: I really think it can. We’re going to miss those guys — they’re great players. “Pro” is an All-American who holds all of the records at SMU. “Xa” and “Free” are great running backs who did a lot for the offense. But we have good players taking their places. Reggie (Roberson) is back. Kylen (Granson) had a great year and he’s back. We have new guys like Danny Gray, who looks like he’s been in this offense for years. TP (Tyler Page) is a great player — the only thing that held him back last year was that he was behind “Pro,” but he’s a tough player, a smart player. We have some great athletes, so I just need to get the ball in their hands so we can see what they can do. We have enough talented players that I think we can do what we did (offensively) last year. PonyFans.com
: Xavier Jones and Ke’Mon Freeman, who combined for 28 rushing touchdowns in 2019, are gone, but Sonny Dykes said that he’s excited about the running backs you have: T.J. McDaniel, Ulysses Bentley, TaMerik Williams and Tyler Lavine, who Coach Dykes said is having an exceptional camp. Last year, the offense ran a few more running plays (534) than passing plays (503); do you anticipate a heavier reliance on the pass, at least while the young running backs establish themselves?Buechele
: I don’t think so. We want to be like we were last year — if we’re not 50-50 on running plays and passing plays, we want to get close to it. An offense that can have that 50-50 balance makes it tough on defenses, because if you can be effective at both, they can’t load up to stop one or the other. Coach Riley likes to run the ball, so you know we we will. T.J., “Doo” — we call Ulysses “Doo” — TaMerik and Lavine, we have guys who can do a lot of different things, and that’s important. T.J. and Doo have put on a little weight and look really good running the ball, TaMerik is a big, strong guy, and Lavine is just a bulldozer. With the offensive line more experienced than it was last year, we should be able to run the ball again this year.PonyFans.com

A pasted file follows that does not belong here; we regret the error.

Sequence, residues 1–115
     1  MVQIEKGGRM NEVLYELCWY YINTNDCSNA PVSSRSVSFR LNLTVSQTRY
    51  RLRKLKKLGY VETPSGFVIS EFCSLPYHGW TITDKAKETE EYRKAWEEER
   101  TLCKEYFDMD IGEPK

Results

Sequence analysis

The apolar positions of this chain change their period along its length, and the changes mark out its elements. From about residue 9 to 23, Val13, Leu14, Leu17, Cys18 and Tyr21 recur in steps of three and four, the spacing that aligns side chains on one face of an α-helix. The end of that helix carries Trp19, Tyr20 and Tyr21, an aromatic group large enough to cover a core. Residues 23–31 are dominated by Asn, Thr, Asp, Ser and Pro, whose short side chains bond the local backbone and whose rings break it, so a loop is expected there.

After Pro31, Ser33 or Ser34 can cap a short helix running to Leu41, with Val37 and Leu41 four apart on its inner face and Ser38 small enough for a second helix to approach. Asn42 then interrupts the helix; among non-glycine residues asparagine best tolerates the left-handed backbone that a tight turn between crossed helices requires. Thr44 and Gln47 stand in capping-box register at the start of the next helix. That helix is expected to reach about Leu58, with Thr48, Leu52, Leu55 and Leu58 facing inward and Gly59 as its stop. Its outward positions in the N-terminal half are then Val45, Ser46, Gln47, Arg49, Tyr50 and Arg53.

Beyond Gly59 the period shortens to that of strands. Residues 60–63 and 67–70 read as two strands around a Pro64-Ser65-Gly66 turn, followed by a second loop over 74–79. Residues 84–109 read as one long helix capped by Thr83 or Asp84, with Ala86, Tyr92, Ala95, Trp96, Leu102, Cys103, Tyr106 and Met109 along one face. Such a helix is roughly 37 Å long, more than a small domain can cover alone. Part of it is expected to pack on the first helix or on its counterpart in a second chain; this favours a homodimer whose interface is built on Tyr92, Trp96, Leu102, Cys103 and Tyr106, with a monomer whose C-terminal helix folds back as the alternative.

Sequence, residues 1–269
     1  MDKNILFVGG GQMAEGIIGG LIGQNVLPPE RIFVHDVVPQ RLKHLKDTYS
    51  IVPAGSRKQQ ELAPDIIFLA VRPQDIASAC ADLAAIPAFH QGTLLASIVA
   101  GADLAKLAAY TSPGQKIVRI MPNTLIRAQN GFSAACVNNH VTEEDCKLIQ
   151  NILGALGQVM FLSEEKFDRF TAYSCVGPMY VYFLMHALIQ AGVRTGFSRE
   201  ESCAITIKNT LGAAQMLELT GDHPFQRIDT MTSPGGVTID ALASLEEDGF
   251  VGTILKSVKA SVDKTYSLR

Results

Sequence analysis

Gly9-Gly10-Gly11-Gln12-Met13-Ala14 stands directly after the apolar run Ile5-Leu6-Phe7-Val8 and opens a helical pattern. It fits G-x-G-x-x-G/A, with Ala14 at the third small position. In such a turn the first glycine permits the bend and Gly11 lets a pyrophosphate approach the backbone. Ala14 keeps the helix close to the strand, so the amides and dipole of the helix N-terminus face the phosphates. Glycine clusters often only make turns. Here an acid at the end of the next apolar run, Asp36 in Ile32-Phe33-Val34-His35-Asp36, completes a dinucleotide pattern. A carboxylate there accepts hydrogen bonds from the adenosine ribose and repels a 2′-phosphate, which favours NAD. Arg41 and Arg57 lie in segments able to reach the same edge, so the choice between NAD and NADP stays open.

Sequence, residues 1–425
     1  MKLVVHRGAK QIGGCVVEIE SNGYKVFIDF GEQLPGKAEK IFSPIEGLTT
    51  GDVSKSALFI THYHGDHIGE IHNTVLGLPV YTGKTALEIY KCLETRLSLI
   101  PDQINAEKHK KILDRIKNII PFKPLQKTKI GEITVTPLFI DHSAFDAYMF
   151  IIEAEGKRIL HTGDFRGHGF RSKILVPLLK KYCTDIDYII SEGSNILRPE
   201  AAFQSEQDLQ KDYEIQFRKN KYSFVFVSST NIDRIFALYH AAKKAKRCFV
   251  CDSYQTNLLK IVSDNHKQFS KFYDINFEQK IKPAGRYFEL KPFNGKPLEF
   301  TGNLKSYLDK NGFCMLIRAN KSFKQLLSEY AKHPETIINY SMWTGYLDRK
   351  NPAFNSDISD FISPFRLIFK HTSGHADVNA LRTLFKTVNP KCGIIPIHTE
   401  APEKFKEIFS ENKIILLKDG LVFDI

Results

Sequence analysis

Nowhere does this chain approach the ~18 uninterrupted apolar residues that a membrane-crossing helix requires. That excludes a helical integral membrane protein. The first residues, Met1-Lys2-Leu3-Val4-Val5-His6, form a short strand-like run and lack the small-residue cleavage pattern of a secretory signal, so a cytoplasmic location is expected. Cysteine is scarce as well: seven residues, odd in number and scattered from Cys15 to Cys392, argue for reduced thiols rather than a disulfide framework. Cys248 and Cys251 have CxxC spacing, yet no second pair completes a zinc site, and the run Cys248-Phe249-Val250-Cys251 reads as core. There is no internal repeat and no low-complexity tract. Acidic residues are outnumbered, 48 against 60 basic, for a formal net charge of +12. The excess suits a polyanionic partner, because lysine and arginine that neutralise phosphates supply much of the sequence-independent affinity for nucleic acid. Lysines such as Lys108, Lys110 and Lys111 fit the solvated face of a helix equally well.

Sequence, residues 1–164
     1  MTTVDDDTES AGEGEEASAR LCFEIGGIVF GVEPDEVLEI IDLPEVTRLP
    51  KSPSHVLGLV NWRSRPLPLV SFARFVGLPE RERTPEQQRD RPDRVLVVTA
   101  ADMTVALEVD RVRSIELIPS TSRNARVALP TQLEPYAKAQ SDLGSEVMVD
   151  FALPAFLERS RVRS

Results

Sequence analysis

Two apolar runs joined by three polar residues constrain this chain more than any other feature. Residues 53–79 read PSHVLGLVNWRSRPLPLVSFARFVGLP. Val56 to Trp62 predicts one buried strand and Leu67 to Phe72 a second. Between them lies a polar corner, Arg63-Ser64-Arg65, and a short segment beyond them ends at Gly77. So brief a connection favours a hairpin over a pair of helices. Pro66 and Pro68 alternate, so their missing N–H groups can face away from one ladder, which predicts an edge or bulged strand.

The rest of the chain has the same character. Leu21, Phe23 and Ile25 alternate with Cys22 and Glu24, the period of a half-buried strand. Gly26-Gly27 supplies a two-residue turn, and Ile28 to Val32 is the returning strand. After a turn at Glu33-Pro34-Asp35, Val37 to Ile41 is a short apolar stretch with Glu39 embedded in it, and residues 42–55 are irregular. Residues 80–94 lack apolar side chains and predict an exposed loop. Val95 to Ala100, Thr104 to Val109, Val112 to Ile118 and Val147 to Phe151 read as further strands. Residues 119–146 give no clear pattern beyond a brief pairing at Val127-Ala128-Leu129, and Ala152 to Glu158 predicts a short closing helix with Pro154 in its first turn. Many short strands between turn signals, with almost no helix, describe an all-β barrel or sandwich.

: You spoke last year about how James Proché and Reggie Roberson benefitted from playing together because defenses couldn’t key in on just one of them. How much did you and the offense miss Reggie when he got hurt?Buechele
: We did miss him — he’s the deep threat. I wouldn’t say we took away part of the playbook when went down, but there some calls we didn’t make. Rashee (Rice) stepped up as a true freshman, so we were still able to run those plays, but we just didn’t use them as much.
I’d say Reggie is the No. 1 guy, and he deserves it, he has earned it — he’s a great player, and when (opponents) want to put two (defensive backs) to his side or play two (safeties) high, we have Rashee who has shown what he can do. Reggie looks really good — he’s strong and confident cutting off that foot, his speed is there and he looks really confident. Rashee has gotten bigger. (Strength and conditioning) Coach Kaz (Kazadi) has done a great job with him — he’s bigger and thicker and hasn’t lost any speed — and now Rashee is a lot more confident after a year in the offense.PonyFans.com
: Several newcomers, or players who had limited roles last year, are working their way in to the receiver rotation. What do you see from transfer Danny Gray, and the young, big targets you have in Calvin Wiggins, Keke Burns and TQ Jackson?Buechele
: Danny is a natural receiver who looks really good so far, like he has been in this offense for a while now. With him, it’s all about getting more reps and staying in his playbook because he’s new, but you can see his talent. Thad (Johnson) is really good, too — a quick-twitch guy.